Stability must not be achieved at Central and Eastern Europe's expense.
The space between Germany and Russia was the cradle of two world wars and the Cold War. Today it is the focal point of international conflict again. Europe is living a moment reminiscent to the period before 1914, which eventually led to a complete overhaul of European order.
Middle Europe sits on a major geopolitical fault line. It is a territory contested throughout history by major powers such as the Ottomans, the Habsburgs, and the nation-state of Germany. In the last hundred years, this space has been rearranged multiple times, with the tide of Russian control expanding and receding. In 1914, the Vienna system of 1815 ended, and a world war broke out to settle the question of mastery in Europe. The Russian collapse and the defeat of the Central Powers created a power vacuum as Austria-Hungary, which had guaranteed the balance between Russia and Germany, disintegrated.
The peacemakers in Paris at the end of World War I cobbled together a new international system and erected a string of new, mutually hostile nation-states. These vulnerable countries sat on the ruins of the old empires. The successor states were supposed to form a protective barrier against Soviet Russia while also containing Germany, and thereby enhance stability. They did none of these things.
France and Great Britain were the architects of this peace, but they never committed military power to uphold it. They gradually abandoned their construct and left it to its own devices. Hitler and Stalin took advantage of the emerging power vacuum in the region, where both tyrants hoped to construct their own, murderous, self-sufficient, anti-Western empires. In their brief honeymoon, they divided the northern part of the region into spheres of influence at the expense of Poland and the Baltic states. The Soviet Union moved one step farther to its west. The Nazi-Soviet condominium collapsed in the Balkans, and Hitler decided to attack its main strategic and ideological rival. Had Hitler won, the fate of Poland and Ukraine would have been disastrous: Pax Germanica envisioned genocide and colonization for them.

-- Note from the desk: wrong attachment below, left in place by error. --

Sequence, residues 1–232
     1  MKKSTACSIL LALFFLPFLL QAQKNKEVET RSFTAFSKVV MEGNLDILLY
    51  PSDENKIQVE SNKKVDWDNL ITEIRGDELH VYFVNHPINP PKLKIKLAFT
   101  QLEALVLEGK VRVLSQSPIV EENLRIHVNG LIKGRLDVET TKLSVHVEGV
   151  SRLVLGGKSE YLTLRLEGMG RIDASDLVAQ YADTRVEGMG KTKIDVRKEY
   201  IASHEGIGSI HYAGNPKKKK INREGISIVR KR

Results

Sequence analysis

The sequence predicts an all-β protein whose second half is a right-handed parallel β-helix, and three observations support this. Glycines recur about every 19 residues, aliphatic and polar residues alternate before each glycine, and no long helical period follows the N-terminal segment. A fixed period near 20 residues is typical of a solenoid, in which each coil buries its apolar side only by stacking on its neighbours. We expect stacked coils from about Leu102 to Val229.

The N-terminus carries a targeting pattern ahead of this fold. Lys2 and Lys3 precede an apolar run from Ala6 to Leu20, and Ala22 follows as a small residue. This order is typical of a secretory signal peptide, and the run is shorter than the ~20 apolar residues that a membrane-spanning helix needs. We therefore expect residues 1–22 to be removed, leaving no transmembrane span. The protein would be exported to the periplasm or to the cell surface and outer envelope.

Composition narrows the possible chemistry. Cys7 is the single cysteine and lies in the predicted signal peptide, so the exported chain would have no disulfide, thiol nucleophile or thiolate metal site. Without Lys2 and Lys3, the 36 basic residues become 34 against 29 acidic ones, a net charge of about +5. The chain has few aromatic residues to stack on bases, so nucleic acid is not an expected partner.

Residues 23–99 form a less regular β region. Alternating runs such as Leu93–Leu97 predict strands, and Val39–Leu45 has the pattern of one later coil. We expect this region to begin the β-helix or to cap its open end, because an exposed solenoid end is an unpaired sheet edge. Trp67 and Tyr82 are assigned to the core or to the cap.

A precarious order
A new international system was forged at the conferences in Moscow in 1944 and Yalta in 1945. The system sought to secure Britain’s position as a global power and to ensure Stalin’s participation in safeguarding European peace. This led to a new partition between Great Britain and the United States on one hand, and the emerging Soviet colossus on the other. As a British Foreign Office paper stated, the adjacent states would be “handed over to the wolves.”
Stalin noted that Russia’s czars had known how to win a war, but not how to win peace. Now, each power would introduce its own system in the lands it had conquered. The West sought to placate Stalin and earn his participation in ensuring an orderly Europe. They wanted the Soviets to keep Germany down, even if this cost the states of middle Europe their independence. In contrast with 1918, Soviet domination was regarded as a token of stability.
In 1948, the U.S. discovered that the Moscow’s ambition to expand was boundless, witnessing the coup in Czechoslovakia in 1948 and the blockade of Berlin. By then, it was too late. Soviet control of the region was a dagger at the throat of the West. Middle Europe became a Soviet political, economic, and military space. This was the token of Moscow’s position as a global power, and it was safeguarded by the Brezhnev Doctrine, under which the Soviet Union reserved the right to use military force to uphold the communist system in Warsaw Pact states. Instead of more security, the West ended up with less. Soviet power extended well into what the National Security Council described as the “heart of Europe.”
In the 1950s, the U.S. briefly promoted the restoration of national independence for the states behind the Iron Curtain, but the Soviet nuclear deterrent and West European reticence made that policy too dangerous to pursue.
The security order changed again in 1989. Gorbachev’s reform processes within the Soviet satellite states created a new opportunity to reorganize this strategically crucial space. It is not that NATO or the United States were eager to exploit the emerging power vacuum and end the Cold War. It was, rather, the Eastern Europeans themselves who rejected the revised order offered by Gorbachev and the West. They opted for a new order altogether.